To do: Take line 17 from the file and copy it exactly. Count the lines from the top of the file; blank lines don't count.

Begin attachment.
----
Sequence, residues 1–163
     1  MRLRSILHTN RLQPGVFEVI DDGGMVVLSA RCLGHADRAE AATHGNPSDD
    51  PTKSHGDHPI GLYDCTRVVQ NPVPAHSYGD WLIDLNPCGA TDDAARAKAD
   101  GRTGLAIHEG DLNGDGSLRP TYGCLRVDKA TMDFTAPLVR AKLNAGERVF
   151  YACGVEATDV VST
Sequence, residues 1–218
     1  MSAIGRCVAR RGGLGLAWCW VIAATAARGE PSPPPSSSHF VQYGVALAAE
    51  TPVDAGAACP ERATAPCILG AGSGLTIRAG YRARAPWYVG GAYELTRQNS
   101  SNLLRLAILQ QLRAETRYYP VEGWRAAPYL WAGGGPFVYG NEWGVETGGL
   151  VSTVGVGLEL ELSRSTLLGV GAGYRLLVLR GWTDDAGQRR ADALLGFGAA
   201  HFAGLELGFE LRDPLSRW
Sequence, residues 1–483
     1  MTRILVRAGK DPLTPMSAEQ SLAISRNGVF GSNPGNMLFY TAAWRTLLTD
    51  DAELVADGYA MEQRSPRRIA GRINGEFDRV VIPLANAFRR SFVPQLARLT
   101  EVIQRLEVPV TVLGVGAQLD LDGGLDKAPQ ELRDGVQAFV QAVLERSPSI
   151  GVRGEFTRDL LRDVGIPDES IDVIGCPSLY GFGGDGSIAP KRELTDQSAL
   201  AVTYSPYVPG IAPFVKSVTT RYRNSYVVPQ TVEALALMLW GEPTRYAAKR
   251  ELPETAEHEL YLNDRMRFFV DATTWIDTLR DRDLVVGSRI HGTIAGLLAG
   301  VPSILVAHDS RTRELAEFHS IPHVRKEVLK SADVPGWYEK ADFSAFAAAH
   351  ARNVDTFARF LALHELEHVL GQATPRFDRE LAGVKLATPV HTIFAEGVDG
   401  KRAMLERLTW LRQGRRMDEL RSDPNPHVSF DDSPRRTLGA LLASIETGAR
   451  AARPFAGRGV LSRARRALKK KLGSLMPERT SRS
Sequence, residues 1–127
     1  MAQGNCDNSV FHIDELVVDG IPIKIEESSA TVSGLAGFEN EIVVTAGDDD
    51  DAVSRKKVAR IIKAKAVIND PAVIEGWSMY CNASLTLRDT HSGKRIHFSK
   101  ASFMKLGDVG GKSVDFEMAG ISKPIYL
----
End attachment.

   201  AVTYSPYVPG IAPFVKSVTT RYRNSYVVPQ TVEALALMLW GEPTRYAAKR